Can You Stop an IRS Garnishment Once It Starts?

Understanding IRS Wage Garnishment

When you owe back taxes to the Internal Revenue Service (IRS), they have the authority to seize a portion of your wages to satisfy the debt. This is known as a wage garnishment or wage levy. The IRS will typically notify you in advance of their intent to levy your wages, giving you an opportunity to respond and potentially avoid the garnishment.

Options to Stop a Wage Garnishment

If you are facing an IRS wage garnishment, there are several options you can explore to stop or modify it:

1. Pay the Tax Debt in Full

The most straightforward way to stop a wage garnishment is to pay the outstanding tax debt in full. Once the debt is paid, the IRS will release the garnishment.

2. Prove Financial Hardship

You may be able to convince the IRS to stop the garnishment if you can demonstrate that it is causing undue financial hardship. This involves providing detailed financial information and explaining how the garnishment is impacting your ability to meet essential expenses.

3. Request an Installment Agreement

An installment agreement allows you to pay off your tax debt over time in smaller, more manageable installments. If you enter into an installment agreement, the IRS may suspend the wage garnishment while you are making payments.

4. Offer in Compromise

In certain circumstances, you may be eligible for an offer in compromise (OIC). An OIC allows you to settle your tax debt for less than the full amount owed. If your OIC is accepted, the IRS will release the wage garnishment.

5. File for Bankruptcy

Filing for bankruptcy can temporarily stop the IRS from collecting on your tax debt, including wage garnishment. However, bankruptcy does not eliminate your tax debt, and you will still be responsible for paying it back after the bankruptcy is discharged.

6. Challenge the Garnishment

If you believe that the IRS has made an error in issuing the garnishment, you can challenge it by filing an appeal. You may need to provide evidence to support your claim, such as proof that you do not owe the tax debt or that the garnishment is causing undue hardship.

Additional Considerations

  • Contact the IRS Promptly: If you are facing a wage garnishment, it is crucial to contact the IRS immediately to discuss your options. The sooner you address the issue, the more likely you are to find a solution that works for you.
  • Seek Professional Help: Dealing with the IRS can be complex. Consider seeking the assistance of a tax attorney or other qualified professional who can guide you through the process and help you navigate the legal and financial implications.
  • Avoid Quitting Your Job: Quitting your job will not stop the wage garnishment. The IRS can still pursue other methods to collect the debt, such as seizing your assets or bank accounts.

While an IRS wage garnishment can be a stressful and challenging situation, there are options available to stop or modify it. By exploring the options outlined above and seeking professional help when necessary, you can work towards resolving your tax debt and regaining financial stability.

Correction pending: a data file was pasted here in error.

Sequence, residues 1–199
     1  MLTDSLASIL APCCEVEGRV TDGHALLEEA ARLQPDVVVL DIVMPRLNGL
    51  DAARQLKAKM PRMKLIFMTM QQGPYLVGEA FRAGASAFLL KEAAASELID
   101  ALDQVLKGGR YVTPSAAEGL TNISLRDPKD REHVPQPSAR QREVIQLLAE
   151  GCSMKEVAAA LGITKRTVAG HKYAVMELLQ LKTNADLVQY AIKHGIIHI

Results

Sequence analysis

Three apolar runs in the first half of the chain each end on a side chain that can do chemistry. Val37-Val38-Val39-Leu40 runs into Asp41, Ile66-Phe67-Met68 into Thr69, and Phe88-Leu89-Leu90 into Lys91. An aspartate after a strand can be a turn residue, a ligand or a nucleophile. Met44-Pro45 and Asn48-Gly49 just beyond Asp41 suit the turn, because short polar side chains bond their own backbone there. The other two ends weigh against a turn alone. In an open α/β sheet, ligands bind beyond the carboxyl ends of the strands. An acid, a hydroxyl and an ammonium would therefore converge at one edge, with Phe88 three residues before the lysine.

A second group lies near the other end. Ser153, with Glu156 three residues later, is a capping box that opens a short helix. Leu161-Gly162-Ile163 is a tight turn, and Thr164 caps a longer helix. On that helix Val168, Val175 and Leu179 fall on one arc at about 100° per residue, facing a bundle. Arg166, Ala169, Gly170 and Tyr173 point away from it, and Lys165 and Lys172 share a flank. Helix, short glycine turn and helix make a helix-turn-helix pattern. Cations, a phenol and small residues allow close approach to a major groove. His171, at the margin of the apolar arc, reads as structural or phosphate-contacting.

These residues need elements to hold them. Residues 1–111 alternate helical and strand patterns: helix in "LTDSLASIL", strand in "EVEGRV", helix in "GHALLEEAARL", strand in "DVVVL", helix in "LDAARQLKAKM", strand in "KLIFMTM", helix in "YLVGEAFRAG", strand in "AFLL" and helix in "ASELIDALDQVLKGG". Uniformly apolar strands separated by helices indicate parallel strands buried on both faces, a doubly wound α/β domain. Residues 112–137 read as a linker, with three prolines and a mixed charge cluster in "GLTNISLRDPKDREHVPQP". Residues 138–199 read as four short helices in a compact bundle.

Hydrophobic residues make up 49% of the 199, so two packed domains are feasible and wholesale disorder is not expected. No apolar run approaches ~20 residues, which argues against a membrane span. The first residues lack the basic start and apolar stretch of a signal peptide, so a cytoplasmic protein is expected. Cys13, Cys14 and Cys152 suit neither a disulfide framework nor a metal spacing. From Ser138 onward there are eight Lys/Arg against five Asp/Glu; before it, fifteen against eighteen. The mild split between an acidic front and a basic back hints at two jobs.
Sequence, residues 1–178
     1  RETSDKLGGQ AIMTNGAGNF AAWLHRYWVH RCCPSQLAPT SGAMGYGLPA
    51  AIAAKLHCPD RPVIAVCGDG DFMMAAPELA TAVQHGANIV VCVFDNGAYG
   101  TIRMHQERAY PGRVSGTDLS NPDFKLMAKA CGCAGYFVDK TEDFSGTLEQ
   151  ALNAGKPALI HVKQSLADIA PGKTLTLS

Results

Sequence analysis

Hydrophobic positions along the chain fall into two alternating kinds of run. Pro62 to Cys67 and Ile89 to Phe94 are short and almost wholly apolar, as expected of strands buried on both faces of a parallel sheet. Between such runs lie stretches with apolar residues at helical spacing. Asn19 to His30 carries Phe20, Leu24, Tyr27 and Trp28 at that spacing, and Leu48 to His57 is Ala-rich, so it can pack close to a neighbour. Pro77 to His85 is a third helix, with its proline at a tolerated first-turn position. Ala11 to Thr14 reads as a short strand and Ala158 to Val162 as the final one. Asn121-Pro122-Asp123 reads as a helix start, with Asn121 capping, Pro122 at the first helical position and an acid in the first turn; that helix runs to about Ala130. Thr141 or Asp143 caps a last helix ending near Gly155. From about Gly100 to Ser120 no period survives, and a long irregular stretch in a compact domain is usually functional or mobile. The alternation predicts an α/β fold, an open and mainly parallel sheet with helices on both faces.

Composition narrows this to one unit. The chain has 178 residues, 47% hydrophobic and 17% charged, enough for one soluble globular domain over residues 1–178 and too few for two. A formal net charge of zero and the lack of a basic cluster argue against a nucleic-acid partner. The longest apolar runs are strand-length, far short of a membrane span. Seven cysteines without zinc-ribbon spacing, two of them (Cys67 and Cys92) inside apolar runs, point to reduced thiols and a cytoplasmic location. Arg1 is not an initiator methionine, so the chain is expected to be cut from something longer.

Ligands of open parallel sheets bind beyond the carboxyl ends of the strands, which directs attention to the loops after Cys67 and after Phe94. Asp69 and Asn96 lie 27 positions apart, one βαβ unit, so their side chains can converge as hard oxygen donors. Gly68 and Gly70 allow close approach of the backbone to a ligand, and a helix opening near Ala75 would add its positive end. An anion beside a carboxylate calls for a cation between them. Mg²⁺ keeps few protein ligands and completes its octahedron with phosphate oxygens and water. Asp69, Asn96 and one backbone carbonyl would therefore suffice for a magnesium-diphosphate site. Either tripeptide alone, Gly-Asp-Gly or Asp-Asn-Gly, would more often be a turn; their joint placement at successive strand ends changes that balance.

Can a garnishment be stopped once the IRS has started to garnish my wages?


Can IRS wage garnishment be stopped?

Under the law, you have the right to an appeal of IRS wage garnishment if you dispute what you owe. You must request an appeal within 30 days of receiving the IRS “Final Notice of Intent to Levy”.

Can I call the IRS and stop a garnishment?

If you receive an IRS bill titled Final Notice, Notice of Intent to Levy and Your Right to A Hearing, contact the IRS right away. Call the number on your billing notice, or individuals may contact the IRS at 800-829-1040; businesses may contact us at 800-829-4933.

Can you negotiate garnishment with IRS?

You may qualify for an offer in compromise. An offer in compromise is a statement of permission allowed by the IRS to pay off less debt than you owe. If the IRS recognizes that it is simply unrealistic for you to pay off the full amount, then they might agree to an offer in compromise.

Can the IRS stop garnishing my wages?

The actual notice of garnishment goes directly to your employer, who will notify you that your wages are being garnished. In most cases, getting the IRS to stop garnishing your wages requires the IRS to release the underlying levy.

How do I stop wage garnishment?

The first way to stop wage garnishment is to pay your tax debt in full. The IRS is only garnishing your wages so that it can get the money that you owe. If you send the IRS payment for your tax debt, the IRS won’t have any reason to garnish your wages.

Can you stop IRS garnishment if you file for bankruptcy?

File for bankruptcy to get tax debt discharged. You can stop IRS wage garnishment if you declare bankruptcy. When you file for bankruptcy, you get an automatic stay that stops all collection actions, including garnishment, repossession, and foreclosure. This can result in a big hit to your credit score, so don’t take this option lightly.

What are IRS garnishment rules?

A specific type of levy is the garnishment of your employment wages each week. However, before the IRS starts to take a portion of your salary, there are specific guidelines it must follow. Understanding the IRS garnishment rules may help you prepare for the garnishment or even allow you to challenge and stop it.

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